After attending AIPAC's national convention last month, I noted an internal contradiction in the group's messaging. As you can see from the photo above -- depicting the press packet distributed to journalists at the event -- AIPAC, which supports tougher economic sanctions on Iran, relies heavily upon images of Holocaust-denier Mahmoud Ahmadinejad to support its case. That makes perfect sense. Ahmadinejad is an anti-Semitic religious zealot. He's scary. And yet, AIPAC's underlying message, advanced in a break-out panel on Iran, was that presidential elections there -- and indeed, Iranian presidents themselves -- are a farce and don't matter, since it is really the supreme leader, Ayatoallah Ali Khamenei, who calls the shots.
Ahead of tomorrow's vote, Iran hawks are doubling down on that "fake election" line, despite reports of growing pro-democratic excitement in the streets of Tehran. AIPAC is calling reporters' attention to a June 1 Reuters story headlined "Khamenei sets key Iran policy." The piece quotes Ahmadinejad media adviser Mehdi Kalhor saying, "No one but the [supreme] leader can decide about any move to renew ties with America and Iran's nuclear work."
In other words, the messages of Ahmadinejad and American hawks have dovetailed: If you are concerned about the expansion of Iran's nuclear program, the argument goes, it doesn't matter whether Ahmadinejad wins or loses. Neo-cons, from Marty Peretz to Ilan Berman to John Bolton, are out in force hammering this home, because they fear that a positive result tomorrow will turn the tide further away from confrontation and toward diplomacy. The election is "much ado about nothing," Berman writes. Peretz says "it may not matter at all." Bolton laments Obama's "failure to act" against Iran's nuclear program.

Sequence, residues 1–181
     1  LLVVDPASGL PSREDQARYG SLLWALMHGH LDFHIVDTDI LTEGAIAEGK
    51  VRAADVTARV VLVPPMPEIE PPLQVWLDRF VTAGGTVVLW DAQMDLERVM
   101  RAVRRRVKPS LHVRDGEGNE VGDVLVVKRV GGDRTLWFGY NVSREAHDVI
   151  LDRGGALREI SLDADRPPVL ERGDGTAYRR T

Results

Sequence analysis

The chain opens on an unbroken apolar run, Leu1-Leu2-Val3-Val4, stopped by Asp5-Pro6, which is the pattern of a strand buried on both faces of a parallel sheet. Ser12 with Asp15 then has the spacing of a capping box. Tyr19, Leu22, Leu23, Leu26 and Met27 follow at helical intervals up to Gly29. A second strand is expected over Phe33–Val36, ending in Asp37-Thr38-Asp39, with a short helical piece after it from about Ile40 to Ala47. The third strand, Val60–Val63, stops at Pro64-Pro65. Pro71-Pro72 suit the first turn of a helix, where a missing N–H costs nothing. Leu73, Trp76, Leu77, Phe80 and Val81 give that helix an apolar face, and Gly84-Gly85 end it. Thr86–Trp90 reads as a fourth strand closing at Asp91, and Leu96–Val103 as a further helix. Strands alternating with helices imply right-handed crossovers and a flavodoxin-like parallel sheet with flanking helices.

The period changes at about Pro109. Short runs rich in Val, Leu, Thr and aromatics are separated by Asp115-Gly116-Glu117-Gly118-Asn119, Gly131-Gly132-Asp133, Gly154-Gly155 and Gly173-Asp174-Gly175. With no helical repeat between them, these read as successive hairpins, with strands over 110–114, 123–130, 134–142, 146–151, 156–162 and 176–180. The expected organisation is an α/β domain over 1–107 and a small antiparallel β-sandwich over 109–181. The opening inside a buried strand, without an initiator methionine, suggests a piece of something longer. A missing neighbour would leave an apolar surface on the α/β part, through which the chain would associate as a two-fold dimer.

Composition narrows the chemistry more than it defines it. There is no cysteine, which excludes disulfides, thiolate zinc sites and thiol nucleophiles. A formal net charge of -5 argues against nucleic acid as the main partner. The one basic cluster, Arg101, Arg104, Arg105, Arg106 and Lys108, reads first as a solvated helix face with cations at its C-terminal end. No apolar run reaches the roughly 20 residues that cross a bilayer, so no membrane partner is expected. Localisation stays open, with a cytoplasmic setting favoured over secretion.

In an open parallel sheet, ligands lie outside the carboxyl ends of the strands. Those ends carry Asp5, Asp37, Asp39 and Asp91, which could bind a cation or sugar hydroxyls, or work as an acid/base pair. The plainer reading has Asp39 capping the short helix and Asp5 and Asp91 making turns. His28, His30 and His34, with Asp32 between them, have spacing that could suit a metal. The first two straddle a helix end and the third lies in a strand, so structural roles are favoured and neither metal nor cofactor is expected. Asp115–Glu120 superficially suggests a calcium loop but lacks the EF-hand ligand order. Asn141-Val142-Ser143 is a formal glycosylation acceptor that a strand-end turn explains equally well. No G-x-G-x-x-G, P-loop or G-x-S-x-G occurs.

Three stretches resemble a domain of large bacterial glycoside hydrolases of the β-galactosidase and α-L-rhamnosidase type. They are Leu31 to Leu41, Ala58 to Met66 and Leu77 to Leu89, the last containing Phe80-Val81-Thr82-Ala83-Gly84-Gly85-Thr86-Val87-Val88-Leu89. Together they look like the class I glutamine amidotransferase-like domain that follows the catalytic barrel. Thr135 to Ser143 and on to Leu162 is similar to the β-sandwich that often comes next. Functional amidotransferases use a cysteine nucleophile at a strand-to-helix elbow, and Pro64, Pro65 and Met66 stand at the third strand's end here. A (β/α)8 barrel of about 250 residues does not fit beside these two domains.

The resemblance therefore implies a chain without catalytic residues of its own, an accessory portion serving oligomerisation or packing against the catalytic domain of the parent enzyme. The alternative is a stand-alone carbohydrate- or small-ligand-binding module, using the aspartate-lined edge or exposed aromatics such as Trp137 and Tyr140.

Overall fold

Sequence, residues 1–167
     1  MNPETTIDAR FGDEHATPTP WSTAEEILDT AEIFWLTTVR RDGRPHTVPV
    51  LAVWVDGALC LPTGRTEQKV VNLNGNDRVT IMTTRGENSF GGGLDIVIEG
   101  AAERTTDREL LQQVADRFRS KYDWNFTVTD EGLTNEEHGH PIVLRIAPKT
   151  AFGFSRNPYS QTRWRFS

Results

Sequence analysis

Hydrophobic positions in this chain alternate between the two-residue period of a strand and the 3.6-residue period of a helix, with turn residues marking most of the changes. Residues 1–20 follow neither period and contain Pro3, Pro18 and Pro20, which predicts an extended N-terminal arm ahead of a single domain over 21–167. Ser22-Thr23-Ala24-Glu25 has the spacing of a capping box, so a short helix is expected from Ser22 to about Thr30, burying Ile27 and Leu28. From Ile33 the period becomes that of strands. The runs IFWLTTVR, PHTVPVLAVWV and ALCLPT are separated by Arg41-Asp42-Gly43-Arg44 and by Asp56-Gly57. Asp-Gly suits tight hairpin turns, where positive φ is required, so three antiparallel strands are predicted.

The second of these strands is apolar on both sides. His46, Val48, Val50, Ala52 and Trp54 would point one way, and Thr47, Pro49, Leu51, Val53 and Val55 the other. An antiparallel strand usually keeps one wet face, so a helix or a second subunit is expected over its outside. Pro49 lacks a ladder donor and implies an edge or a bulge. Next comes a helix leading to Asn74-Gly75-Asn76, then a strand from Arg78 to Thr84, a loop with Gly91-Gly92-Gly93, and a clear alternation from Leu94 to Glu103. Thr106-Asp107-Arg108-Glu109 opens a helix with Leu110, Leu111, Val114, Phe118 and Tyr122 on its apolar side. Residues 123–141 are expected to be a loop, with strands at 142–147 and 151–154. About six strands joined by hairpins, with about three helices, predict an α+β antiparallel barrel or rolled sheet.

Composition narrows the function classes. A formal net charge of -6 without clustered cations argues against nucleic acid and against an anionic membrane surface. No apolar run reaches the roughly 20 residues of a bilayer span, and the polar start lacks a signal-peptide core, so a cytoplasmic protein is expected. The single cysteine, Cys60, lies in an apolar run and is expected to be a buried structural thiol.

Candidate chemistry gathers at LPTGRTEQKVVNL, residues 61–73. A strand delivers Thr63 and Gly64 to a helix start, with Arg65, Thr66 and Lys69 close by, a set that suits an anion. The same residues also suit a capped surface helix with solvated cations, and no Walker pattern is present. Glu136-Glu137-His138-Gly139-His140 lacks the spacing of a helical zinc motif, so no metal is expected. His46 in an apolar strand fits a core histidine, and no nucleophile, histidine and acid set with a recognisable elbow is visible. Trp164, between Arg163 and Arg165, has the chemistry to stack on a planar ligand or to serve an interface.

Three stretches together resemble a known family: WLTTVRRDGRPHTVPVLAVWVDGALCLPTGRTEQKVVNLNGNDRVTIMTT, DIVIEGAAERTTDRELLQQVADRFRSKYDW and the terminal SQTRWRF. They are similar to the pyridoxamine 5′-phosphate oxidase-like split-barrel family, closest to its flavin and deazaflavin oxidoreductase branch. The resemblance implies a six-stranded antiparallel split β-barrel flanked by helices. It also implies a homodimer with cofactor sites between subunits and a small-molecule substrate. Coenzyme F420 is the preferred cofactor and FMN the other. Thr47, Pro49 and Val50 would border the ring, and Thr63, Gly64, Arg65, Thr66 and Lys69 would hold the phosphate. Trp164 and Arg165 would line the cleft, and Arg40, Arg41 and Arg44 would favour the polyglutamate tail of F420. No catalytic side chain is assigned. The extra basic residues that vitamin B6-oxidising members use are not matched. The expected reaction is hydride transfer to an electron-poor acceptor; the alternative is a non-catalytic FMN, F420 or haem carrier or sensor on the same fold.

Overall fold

As Laura Rozen writes at Foreign Policy, a win tomorrow by reformist candidate Mir Hossein Mousavi certainly won't mean an end to anxiety over Iran's nuclear capabilities. Mousavi's ascension could lead to internal struggle within the opaque Iranian power structure, pushing anti-Western conservatives further right. And Mousavi himself, taking a cue from the Iranian electorate, has signaled support for an Iranian nuclear-energy program. But that position is essentially identical to that of John Kerry, chair of the Senate Foreign Relations Committee. Iran has the right to enrich uranium for energy purposes, Kerry told the Financial Times yesterday, saying, "The Bush administration [argument of] no enrichment was ridiculous ... because it seemed so unreasonable to people."
The thing to remember is that despite buzz to the contrary, there are key foreign policy differences between Ahmadinejad, who does not support international talks regarding the Iranian nuclear program, and Mousavi, who does. It remains unknown to what extent the ayatollahs would allow Mousavi to pursue his agenda. Yet there is no doubt his election would signal the beginning of a new, more peaceful era in Iran's relationship with the West and with its neighbors. Not to mention that for the embattled people of Iran, the election of Mousavi would bring much-needed economic and social liberalization.
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